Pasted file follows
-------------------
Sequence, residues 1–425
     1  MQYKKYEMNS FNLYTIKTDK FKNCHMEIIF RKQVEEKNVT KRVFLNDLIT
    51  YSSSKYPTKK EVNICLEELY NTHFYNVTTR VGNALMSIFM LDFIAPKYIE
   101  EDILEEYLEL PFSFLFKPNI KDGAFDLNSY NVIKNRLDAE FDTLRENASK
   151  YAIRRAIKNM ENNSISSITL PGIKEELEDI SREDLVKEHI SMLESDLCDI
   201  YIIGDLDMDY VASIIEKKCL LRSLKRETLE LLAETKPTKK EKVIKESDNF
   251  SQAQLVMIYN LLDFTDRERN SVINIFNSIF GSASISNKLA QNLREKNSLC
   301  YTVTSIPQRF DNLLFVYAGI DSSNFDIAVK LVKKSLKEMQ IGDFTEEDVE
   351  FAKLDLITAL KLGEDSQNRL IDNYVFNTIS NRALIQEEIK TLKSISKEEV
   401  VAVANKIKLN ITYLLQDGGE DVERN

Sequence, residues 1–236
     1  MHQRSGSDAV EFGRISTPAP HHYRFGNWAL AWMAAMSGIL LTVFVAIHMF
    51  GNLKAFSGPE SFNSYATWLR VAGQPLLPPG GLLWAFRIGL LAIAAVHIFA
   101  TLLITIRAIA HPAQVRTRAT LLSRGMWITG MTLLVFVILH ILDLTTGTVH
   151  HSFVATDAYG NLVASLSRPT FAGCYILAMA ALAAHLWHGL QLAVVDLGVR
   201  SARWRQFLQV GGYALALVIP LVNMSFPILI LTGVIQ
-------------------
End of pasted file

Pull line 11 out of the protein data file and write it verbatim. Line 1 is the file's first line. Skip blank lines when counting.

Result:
Sequence, residues 1–236